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F. Postma, B. Volgyi, M. Deans, A. Swaroop, S. Bloomfield, D. Paul; Generation of a Cone–Specific Connexin36 Knockout Mouse: Initial Characterization and Ganglion Cell Responses . Invest. Ophthalmol. Vis. Sci. 2006;47(13):4316.
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© ARVO (1962-2015); The Authors (2016-present)
To generate a cone–specific connexin36 (Cx36) knockout (KO) mouse to study the role of Cx36–mediated rod–cone coupling in generating the rod–driven responses of ganglion cells.
A targeting construct that has the second exon of Cx36 flanked by loxP sites was used to generate homozygous Cx36Flx mice. Cone–specific Cx36KO animals were generated by crossing Cx36Flx mice with transgenic animals expressing Cre–recombinase driven by either the S (Blue, BP) or M (Red/Green, RGP) cone opsin promoter. Homozygous Cx36Flx/RGP–Cre positive animals and RGP–Cre negative littermate controls were analyzed by immunofluorescence and confocal microscopy. Light–evoked ganglion cell responses were obtained using extracellular recordings in a flattened retina–eyecup preparation.
Cx36/RGP–Cre positive animals showed dramatically reduced (∼95%) staining for Cx36 in the outer plexiform layer (OPL) of the retina. The remaining label in the OPL was clustered and localized proximally. However, Cx36 staining within the inner plexiform layer (IPL) was unaffected when compared to that of homozygous Cx36Flx (Cre–negative) littermate controls and wild–type animals. In contrast, homozygous Cx36Flx/BP–Cre positive animals showed only a minor reduction of Cx36 label in the OPL, presumably due to the relatively small percentage of cones in the mouse retina that express the blue opsin. Electrophysiological recordings from ganglion cells in Cx36Flx/RGP–Cre positive mice and their Cre–negative littermates showed that the thresholds of the highest sensitivity responses were unaffected.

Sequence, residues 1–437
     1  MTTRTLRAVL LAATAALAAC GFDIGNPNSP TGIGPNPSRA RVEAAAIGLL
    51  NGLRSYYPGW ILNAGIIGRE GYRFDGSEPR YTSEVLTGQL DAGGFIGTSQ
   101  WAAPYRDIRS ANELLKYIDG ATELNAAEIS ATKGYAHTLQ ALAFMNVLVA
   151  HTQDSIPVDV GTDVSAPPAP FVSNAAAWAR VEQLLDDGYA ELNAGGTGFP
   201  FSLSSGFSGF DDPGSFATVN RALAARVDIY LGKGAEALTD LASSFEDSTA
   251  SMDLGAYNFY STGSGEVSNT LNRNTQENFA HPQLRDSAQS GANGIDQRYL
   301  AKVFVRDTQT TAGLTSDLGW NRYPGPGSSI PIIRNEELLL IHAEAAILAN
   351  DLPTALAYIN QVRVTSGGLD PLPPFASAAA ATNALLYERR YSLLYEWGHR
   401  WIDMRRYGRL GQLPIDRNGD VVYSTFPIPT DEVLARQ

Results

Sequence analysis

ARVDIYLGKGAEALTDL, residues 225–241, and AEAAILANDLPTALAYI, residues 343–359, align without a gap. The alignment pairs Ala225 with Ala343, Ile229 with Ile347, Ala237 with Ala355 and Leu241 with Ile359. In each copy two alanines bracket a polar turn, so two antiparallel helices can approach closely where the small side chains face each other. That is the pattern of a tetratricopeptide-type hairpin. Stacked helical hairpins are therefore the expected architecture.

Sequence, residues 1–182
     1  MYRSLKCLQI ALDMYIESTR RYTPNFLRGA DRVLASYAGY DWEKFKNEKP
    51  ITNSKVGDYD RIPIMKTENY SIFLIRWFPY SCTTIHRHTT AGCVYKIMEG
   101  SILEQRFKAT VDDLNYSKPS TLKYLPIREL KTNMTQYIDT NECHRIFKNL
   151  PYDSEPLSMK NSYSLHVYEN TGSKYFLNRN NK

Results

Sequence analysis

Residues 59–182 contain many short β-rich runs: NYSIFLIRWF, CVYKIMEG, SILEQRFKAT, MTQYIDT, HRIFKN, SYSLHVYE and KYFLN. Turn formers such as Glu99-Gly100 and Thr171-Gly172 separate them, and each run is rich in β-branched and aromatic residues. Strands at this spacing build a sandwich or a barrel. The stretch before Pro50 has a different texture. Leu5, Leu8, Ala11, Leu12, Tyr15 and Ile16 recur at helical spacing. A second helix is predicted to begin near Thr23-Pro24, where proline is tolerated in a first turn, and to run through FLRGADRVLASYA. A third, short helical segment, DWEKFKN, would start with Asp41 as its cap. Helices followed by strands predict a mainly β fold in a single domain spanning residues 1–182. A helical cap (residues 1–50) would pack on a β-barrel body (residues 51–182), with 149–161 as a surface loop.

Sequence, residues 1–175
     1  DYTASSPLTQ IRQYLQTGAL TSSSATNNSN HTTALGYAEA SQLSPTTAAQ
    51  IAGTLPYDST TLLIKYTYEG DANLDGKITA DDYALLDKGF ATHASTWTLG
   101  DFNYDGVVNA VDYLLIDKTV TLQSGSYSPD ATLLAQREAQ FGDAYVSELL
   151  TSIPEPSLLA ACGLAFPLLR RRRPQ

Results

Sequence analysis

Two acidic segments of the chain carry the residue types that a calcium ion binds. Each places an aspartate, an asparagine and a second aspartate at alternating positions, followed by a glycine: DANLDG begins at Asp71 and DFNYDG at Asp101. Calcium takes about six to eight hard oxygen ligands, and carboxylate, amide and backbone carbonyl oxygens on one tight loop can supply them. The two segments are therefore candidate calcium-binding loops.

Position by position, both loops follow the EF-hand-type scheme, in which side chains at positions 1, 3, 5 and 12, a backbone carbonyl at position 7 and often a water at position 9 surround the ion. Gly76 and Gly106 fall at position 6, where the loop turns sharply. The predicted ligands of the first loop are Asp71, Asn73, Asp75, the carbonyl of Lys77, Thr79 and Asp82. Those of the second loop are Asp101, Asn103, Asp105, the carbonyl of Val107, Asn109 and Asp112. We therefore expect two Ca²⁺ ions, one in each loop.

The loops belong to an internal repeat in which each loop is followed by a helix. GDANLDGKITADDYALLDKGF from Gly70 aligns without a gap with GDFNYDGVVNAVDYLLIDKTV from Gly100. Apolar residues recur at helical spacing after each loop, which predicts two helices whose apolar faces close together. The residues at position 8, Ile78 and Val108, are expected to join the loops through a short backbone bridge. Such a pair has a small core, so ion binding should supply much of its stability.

We successfully generated a cone–specific Cx36KO mouse. Our results indicate that the thresholds of high sensitivity ganglion cells are unaffected by disruption of Cx36–mediated rod–cone coupling. These data support the idea that the most sensitive rod–mediated signals are carried by the primary rod pathway and not the secondary rod–cone coupling pathway.
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